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Bruce Arians Can't Wait For NFL's "All Bullshit" Explanation Of Controversial Blocked FG

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Please do not drink the Flavor Aid and let anyone tell you last night’s game—at 6-6, the lowest-scoring tie since the NFL introduced overtime in 1974—was “good” or “watchable” or “a better use of your time than going to sleep early and starting the week rested.” Special-teams incompetence, an Arizona offense that couldn’t do anything against a gassed Seahawks defense (which was on the field for a comical 46:21 because Seattle’s offense was even worse), and punts, punts, punts! (Fifteen punts! More punts than points!)—That was not enjoyable football. Had that not been Cardinals-Seahawks—had it been, say, Jaguars-Titans in a Thursday game—there’d be congressional inquiries on what’s wrong with the NFL. Oh look! Jaguars-Titans is this week’s Thursday game. The NFL hates you.


And because I hate you just as much, let’s revisit last night’s stinkbomb through everybody’s favorite lens: that of rulebook minutiae!

Let’s go back, way back to early in the second quarter, before you started longing for death, before you realized you were already dead and in hell, to Seattle’s blocked field goal. It looked like a beauty of a block: Seahawks LB Bobby Wagner got a head of steam and leapt up and over long snapper Aaron Brewer to get a hand on the Chandler Catanzaro kick.

(Pay special attention to the slow-motion replay beginning at 0:34. Wagner’s left foot appears to tap or drag across Brewer’s back.)


A penalty flag was thrown on the play, then picked up by the officials. Cardinals coach Bruce Arians then threw his challenge flag, but the thing he wanted to review (we’ll get to that) was not reviewable, so Arizona was charged a timeout, one they really could have used at the end of the half.

The penalty flag, Arians would later learn, was because officials thought Wagner might have lined up too close to the long snapper. From the NFL rulebook,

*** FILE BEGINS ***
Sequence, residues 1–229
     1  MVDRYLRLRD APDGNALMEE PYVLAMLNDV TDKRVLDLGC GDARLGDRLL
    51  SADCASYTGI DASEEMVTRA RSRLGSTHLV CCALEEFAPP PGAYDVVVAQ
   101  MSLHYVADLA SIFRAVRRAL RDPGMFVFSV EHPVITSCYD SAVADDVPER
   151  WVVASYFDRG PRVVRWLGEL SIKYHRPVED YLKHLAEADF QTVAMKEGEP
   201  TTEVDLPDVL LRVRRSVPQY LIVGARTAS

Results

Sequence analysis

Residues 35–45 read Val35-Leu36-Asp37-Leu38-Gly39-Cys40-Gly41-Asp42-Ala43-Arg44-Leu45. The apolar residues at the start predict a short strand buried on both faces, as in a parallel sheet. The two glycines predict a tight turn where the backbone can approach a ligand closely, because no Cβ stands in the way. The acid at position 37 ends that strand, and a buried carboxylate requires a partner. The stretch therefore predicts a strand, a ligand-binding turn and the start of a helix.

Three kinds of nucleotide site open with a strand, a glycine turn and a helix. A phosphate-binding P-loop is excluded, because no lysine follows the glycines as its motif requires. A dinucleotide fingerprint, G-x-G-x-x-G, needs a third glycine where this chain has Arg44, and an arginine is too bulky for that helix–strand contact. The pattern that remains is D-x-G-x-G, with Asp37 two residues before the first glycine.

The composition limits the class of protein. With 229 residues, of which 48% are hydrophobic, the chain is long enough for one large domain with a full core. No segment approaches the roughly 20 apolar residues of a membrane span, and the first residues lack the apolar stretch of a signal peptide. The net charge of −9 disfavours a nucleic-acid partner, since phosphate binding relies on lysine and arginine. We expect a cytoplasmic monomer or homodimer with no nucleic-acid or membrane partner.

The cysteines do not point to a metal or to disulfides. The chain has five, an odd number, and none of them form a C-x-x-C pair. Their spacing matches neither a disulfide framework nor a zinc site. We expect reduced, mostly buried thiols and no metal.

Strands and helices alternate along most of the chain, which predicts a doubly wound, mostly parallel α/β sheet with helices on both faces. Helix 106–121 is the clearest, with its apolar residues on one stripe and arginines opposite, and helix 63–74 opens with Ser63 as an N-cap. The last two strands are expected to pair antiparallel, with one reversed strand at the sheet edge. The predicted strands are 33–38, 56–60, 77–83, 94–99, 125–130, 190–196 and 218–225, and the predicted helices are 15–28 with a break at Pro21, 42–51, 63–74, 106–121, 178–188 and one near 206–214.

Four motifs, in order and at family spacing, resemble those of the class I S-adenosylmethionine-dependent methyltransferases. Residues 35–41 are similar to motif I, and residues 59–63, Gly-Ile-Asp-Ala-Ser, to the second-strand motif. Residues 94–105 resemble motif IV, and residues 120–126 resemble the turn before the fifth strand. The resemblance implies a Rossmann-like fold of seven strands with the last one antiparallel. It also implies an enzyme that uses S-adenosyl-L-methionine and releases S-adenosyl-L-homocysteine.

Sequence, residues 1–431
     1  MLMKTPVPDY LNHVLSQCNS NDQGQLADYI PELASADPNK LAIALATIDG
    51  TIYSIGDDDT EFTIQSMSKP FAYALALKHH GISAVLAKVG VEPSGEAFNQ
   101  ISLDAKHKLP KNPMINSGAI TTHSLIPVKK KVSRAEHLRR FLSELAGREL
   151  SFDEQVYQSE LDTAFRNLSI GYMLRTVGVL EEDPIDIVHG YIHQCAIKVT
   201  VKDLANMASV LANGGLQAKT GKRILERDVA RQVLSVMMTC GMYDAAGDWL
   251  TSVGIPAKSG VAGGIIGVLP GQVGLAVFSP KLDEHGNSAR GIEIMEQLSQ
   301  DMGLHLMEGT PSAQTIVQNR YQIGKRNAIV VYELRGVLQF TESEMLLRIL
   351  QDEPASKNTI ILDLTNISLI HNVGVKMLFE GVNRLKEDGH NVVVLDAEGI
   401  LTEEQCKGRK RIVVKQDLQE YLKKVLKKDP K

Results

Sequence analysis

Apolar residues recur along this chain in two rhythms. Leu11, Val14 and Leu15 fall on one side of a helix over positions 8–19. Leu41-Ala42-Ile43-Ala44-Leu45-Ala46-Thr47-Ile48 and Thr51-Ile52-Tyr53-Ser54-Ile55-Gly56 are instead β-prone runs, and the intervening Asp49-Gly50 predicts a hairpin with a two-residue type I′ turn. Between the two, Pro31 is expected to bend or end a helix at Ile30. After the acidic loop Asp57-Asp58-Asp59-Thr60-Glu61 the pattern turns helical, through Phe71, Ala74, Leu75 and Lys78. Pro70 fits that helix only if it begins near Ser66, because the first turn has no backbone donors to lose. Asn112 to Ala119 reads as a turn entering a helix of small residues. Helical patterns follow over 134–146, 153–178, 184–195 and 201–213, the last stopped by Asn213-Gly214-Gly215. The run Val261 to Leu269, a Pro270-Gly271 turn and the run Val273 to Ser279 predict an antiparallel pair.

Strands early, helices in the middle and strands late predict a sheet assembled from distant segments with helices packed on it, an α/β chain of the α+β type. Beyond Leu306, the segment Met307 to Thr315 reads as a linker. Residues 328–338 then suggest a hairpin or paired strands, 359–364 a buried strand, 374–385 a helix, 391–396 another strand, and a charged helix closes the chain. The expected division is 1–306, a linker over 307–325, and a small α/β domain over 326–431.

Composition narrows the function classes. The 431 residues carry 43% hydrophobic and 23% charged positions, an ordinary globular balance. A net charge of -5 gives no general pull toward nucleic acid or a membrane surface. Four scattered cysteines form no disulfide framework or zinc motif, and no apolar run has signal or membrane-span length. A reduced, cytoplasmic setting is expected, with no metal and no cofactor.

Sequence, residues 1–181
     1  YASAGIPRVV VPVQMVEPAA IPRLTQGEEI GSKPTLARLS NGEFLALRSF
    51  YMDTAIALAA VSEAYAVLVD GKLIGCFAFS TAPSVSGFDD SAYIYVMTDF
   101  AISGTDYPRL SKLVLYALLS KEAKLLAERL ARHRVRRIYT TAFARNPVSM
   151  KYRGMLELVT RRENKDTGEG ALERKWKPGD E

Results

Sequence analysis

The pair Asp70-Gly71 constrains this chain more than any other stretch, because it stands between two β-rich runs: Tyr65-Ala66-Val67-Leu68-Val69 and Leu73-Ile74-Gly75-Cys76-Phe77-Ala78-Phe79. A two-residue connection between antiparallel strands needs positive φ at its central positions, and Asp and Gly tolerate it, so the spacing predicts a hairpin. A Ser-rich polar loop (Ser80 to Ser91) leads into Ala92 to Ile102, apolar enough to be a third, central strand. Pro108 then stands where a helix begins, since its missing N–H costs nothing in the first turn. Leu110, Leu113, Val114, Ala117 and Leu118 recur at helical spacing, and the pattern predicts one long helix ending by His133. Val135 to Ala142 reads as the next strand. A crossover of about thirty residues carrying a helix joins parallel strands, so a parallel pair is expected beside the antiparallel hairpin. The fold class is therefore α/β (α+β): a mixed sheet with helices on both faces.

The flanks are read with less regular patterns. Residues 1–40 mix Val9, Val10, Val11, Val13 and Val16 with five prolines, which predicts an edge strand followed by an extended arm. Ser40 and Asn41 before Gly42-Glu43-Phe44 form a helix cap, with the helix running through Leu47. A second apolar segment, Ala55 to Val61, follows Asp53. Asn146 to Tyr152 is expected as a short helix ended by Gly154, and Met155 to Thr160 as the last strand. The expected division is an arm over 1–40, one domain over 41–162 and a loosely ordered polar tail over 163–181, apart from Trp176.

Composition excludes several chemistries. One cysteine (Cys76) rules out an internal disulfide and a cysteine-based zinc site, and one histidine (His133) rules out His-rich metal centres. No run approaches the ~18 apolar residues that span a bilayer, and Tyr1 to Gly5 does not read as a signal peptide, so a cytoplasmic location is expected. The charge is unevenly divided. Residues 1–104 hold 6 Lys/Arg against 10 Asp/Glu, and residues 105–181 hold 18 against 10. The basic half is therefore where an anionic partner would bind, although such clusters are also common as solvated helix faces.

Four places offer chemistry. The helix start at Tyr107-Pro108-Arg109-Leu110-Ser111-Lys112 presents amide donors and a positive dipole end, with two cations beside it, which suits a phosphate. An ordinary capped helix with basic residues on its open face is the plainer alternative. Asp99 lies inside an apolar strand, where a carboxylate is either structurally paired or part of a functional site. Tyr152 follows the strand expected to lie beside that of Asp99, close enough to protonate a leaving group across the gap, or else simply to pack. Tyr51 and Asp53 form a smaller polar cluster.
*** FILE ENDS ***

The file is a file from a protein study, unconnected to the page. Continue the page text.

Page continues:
When Team A presents a field goal or Try Kick formation:

(1) A Team B player, who is within one yard of the line of scrimmage, must have his entire body outside the snapper’s shoulder pads at the snap.


The officials correctly ruled that Wagner wasn’t within a yard of the line of scrimmage, so no foul.

But that wasn’t what Arians thought the penalty was. He thought, like most of us did, that you can’t leap over a blocking player unless you hurdle him completely untouched. Wagner definitely appeared to touch Brewer, though he claimed otherwise. “I didn’t touch him,” Wagner said. “So I knew I was good.” (Brewer said he felt “something” on his back during the play.)


But is touching enough for a penalty? Here’s what the rule, 12.3.1.(s), actually prohibits:

(s) Running forward and leaping in an obvious attempt to block a field goal or Try Kick and landing on players, unless the leaping player was originally lined up on the line of scrimmage when the ball was snapped.


“Landing” is not “touching.” But where’s the line between the two? That’s a judgment call. And like all judgment calls, it is not subject to review. Arians learned that the hard way. He threw his challenge flag, believing the officials had missed the contact, and ended up forfeiting a timeout on a play that wasn’t legally reviewable.

Confused? Don’t you love football? Arians was confused, and pissed:

“He touched him,” Arians said. “You saw it. Did you see it? Didn’t he touch him? Yeah, he sure did. It sure looked like it to me, but it was not ruled that way, same with the last one. He definitely touched him.

“I’m sure I’ll talk to the league and we’ll get some kind of explanation that is all bullshit, like normal.”


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